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W&M team designs AI that spots security vulnerabilities in software

  • Team of computer scientists stands in front of whiteboard
    Meet the team:  A team of William & Mary computer scientists built a form of artificial intelligence that can automatically identify whether a software issue is security-related. Left to right: Adjunct lecturer Chris Shenefiel, associate professor Denys Poshyvanyk, post-doc Kevin Moran and graduate student David Palacio. Daniel McCrystal ’20 and graduate student Carlos Bernal-Cardenas are not pictured.  Photo by Adrienne Berard
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The key to developing secure technology for the future may hinge on making life a little easier for software engineers today.

It’s hard to find a facet of modern society that hasn’t been transformed by software. From healthcare to entertainment to banking, computerization has made its way into nearly every industry. As the general public enjoys the benefits of software, our data is increasingly being managed by programs that contain undetected vulnerabilities. 

A team of William & Mary computer scientists has developed a way to spot such vulnerabilities before hackers can exploit them. They’ve built a form of artificial intelligence that can automatically identify whether a software issue is security-related. The AI is modeled from human speech and achieved a 96 percent success rate when tested on thousands of open source programs.  

“To me, the fact that a fully automated system is able to learn the semantics of natural human language is pretty amazing,” said Kevin Moran, a postdoctoral fellow of computer science at William & Mary. “We built an AI-based system that can actually understand the text of software issues enough that it can determine whether a security-related aspect of software is being described.”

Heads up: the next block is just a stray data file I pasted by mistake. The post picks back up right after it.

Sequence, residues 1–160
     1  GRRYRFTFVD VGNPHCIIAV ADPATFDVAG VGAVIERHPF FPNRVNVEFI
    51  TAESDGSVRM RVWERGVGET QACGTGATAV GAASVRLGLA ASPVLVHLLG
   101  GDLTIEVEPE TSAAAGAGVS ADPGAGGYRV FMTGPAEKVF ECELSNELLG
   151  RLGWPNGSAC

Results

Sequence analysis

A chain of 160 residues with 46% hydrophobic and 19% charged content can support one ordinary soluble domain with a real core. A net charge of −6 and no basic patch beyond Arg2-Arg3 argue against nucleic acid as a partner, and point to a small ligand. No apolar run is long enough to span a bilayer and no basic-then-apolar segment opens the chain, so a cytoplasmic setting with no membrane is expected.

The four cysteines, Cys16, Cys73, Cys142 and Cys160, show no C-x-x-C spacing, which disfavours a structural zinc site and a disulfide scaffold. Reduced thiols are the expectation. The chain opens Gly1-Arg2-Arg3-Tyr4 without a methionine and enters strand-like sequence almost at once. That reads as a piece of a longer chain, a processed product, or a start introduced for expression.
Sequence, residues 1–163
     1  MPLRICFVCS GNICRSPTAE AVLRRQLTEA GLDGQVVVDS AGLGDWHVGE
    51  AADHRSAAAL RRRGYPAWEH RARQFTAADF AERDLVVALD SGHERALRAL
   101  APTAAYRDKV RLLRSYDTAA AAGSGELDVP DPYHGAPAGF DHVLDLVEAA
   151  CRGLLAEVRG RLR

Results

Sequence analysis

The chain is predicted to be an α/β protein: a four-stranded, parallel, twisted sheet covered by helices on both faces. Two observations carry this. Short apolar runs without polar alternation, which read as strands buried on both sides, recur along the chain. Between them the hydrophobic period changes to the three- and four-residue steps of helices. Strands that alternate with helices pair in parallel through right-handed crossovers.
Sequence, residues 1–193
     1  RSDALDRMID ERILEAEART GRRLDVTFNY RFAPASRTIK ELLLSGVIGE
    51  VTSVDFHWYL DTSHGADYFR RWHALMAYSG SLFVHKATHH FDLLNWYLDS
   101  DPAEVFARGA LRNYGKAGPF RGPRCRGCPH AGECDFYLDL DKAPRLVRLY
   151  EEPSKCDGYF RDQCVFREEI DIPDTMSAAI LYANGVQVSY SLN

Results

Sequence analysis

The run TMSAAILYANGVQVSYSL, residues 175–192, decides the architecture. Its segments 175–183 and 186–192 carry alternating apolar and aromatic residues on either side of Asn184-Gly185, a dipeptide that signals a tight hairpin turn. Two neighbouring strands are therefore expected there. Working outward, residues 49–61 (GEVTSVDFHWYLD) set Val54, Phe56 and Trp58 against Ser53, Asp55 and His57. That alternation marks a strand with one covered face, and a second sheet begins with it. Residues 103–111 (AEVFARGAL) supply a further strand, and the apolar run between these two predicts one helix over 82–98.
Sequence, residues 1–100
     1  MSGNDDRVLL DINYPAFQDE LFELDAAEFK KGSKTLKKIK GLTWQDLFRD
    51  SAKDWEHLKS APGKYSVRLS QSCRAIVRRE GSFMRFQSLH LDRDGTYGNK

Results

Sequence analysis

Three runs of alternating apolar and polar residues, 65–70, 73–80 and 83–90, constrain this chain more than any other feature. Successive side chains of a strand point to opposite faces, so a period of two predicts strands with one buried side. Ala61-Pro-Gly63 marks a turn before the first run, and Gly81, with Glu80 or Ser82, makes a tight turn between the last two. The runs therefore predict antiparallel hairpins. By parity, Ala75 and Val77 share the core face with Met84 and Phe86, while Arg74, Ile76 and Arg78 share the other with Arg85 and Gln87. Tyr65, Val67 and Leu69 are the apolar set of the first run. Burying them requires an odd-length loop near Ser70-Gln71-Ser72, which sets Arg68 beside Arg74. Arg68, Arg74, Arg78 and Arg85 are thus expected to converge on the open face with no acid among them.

Moran and the rest of the research team presented a paper on their work at the 35th International Conference on Software Maintenance and Evolution (ICSME) in Cleveland this week. The team is made up of W&M graduate students David Palacio and Carlos Bernal-Cardenas, undergraduate Daniel McCrystal, post-doc Moran and associate professor Denys Poshyvanyk.

“We actually span the gamut of different lifecycles in academia,” Moran joked. 

And it’s not just academia. The project was born out of a collaboration with Cisco Systems, a multinational technology conglomerate based in Silicon Valley. The company provided the team with research grants to fund their work. This is the first paper to come out of the collaboration and there is a second one currently under review. 

“I found Denys and liked the work he was doing, so we collaborated,” said Chris Shenefiel, principal engineer of the Advanced Security Research Group at Cisco and adjunct lecturer of computer science at William & Mary. 

“It’s been a really good partnership,” Shenefiel added. “The goal is to bring the research to a development stage, where it can be used as a tool for industry  and that’s happening.”

The AI-system, called SecureReqNet, is aimed at helping developers prioritize security-critical tasks, Moran explained, which made Cisco the ideal partner. The company provided researchers access to a software project that was in development, so the team could evaluate SecureReqNet on an actual commercial venture in real time.